Assuming everything lines up in the country’s favour, the extreme panic and jittery sentiments seen in the FX, Eurobond and credit default swap markets are likely to stabilize. However, the FX reserves with the State Bank of Pakistan (SBP) remain at a critically low level of $7.8 billion (August 5, 2022) due to debt payment pressures. Pakistan’s external sector could possibly be stabilised in FY23 through the adjustment path agreed in the context of the Extended Fund Facility of the IMF. This breather must be used wisely.

As we reflect about our future we realize that the global picture is complex. World economy is treading a precarious and perilous path - higher global inflation, slower global growth estimated at 3.2 percent (IMF), ongoing conflict, impacts of COVID and clogged supply chains. All of these affect Pakistan, in some way or the other.

Fundamentals: Pakistan’s 75th anniversary should be a day of broad acceptance of the hard things we have to do now and a pledge to build a genuine appetite to address our challenges. The recurring BoP challenge is a reflection of the way the economy has become wired — putting a speed limit on the economy’s potential to grow beyond four per cent.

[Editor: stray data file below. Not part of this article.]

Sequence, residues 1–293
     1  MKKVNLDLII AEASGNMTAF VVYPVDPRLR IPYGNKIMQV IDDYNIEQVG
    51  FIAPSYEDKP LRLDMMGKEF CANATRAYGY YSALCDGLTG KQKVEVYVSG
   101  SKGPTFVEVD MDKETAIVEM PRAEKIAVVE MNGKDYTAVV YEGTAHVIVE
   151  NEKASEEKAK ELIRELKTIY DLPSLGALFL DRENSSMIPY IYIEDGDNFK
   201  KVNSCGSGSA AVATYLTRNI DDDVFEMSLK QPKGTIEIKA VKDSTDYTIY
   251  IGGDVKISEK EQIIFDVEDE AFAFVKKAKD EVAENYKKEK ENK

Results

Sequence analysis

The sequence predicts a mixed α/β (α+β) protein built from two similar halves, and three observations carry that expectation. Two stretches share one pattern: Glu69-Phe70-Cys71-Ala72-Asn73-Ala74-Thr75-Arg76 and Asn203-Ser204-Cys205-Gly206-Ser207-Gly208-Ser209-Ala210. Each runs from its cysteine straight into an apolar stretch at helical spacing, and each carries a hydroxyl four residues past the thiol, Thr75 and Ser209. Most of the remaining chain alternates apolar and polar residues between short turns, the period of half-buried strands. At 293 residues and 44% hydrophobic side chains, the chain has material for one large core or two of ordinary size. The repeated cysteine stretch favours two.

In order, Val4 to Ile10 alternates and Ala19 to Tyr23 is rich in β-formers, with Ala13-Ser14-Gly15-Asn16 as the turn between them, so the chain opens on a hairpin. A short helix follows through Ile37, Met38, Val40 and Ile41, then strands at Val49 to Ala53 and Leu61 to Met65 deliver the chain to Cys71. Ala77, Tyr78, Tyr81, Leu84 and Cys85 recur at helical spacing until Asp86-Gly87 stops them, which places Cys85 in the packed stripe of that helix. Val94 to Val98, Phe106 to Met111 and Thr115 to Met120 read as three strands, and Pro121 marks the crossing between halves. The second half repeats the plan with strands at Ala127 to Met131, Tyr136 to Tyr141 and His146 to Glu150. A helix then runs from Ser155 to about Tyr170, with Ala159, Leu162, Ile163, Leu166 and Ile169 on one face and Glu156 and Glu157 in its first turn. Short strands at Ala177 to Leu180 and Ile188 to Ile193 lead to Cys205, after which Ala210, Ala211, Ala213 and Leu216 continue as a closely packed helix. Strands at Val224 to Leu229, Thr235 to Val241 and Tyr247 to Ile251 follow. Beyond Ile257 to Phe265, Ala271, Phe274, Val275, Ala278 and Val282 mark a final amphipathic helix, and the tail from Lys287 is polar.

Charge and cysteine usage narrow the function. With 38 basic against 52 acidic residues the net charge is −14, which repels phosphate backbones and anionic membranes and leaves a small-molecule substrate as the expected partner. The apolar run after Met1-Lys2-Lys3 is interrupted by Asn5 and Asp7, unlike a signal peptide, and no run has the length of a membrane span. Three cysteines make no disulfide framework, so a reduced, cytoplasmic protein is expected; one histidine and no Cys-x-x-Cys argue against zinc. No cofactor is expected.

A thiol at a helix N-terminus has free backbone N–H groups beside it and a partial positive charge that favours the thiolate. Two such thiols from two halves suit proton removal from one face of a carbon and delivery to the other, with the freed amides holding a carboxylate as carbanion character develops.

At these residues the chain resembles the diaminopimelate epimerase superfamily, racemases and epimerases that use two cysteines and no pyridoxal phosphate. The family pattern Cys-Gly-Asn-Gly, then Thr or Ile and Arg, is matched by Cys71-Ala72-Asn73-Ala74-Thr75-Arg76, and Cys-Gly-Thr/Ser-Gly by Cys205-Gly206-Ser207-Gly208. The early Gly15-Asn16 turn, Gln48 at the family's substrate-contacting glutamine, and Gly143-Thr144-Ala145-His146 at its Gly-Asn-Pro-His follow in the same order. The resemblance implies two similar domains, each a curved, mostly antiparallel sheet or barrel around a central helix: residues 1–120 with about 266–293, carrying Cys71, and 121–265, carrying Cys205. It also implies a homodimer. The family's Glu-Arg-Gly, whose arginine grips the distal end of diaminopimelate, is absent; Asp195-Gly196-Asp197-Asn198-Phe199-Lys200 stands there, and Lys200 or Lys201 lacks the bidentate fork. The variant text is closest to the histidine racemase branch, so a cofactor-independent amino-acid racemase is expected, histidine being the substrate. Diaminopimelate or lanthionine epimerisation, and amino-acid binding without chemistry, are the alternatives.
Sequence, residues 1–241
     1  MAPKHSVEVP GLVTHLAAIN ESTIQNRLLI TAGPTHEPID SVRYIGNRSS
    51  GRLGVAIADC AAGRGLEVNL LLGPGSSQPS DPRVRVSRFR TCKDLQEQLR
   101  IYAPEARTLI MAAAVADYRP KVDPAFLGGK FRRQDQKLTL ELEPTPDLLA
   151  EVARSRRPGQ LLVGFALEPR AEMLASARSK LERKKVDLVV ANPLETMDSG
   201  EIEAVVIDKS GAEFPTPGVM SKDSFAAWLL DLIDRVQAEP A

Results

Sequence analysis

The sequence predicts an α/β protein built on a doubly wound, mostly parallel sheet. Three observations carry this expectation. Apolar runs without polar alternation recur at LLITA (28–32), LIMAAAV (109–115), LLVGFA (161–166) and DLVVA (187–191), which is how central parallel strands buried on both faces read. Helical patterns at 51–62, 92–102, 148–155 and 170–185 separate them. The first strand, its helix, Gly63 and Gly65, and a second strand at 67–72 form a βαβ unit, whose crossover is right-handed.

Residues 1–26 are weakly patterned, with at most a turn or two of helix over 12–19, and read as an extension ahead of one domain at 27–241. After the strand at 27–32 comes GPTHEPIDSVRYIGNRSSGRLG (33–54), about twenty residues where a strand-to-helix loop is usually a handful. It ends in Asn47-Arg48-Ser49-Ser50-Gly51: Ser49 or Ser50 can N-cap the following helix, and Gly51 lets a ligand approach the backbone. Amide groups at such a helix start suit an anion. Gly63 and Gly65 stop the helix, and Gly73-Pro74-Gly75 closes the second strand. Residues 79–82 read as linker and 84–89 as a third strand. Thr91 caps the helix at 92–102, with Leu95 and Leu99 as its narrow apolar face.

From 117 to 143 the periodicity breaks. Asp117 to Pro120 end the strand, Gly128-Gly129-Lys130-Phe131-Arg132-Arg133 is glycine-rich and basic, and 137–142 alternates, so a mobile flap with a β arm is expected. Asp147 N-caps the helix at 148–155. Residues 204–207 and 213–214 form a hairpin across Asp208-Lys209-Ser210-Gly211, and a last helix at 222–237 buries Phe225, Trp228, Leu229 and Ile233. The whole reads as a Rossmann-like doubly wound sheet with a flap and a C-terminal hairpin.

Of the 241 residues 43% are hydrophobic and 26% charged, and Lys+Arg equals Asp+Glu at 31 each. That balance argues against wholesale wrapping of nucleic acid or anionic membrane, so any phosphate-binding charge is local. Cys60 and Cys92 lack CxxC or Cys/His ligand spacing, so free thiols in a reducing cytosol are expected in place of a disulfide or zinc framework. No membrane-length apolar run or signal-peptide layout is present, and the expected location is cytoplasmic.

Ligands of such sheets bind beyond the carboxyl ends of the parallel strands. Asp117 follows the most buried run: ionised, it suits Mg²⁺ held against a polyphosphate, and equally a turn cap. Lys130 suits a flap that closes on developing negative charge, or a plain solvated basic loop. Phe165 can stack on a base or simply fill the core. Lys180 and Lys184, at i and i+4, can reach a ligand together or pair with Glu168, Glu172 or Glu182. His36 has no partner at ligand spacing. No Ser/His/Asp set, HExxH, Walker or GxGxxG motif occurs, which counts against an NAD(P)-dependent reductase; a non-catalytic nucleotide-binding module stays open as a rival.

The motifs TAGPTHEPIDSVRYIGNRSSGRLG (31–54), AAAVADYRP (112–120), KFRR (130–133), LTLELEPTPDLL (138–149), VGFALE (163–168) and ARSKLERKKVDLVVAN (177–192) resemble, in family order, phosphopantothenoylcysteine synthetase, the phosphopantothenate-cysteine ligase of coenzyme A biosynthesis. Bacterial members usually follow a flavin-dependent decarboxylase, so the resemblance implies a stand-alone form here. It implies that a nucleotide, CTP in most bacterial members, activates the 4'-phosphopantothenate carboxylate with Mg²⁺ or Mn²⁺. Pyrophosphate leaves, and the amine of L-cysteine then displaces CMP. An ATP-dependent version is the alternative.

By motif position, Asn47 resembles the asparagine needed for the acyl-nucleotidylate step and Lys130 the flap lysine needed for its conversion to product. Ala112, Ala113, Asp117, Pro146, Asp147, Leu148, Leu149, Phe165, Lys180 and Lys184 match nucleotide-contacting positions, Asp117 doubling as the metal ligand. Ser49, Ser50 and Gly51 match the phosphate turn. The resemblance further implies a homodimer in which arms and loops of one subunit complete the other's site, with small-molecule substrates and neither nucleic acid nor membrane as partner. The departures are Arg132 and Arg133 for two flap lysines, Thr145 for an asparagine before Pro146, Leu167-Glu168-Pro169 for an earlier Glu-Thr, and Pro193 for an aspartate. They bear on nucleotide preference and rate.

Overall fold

The defining aspect in this regard is our growth model reliant on high consumption (accounting for more than 90 per cent of the country’s output); concessional financing schemes; imports (25 per cent of GDP) with low rates of investments (below 15 per cent of GDP) and savings (11 per cent of GDP); and weak productivity (productivity of five staple crops is less than 50 percent compared to the world leaders). Additionally, an inefficient energy sector driven by imported inputs pushes the cost of doing business higher. This constellation keeps driving the country into an unmanageable current account deficit. Not a pretty picture.

Our 75th anniversary should be about devising a well-researched growth agenda to lift the economy’s speed limits by tackling the fundamentals. In short, growth has to be underpinned with the creation of a lightly regulated market economy — with a scaffolding of higher investment and productivity.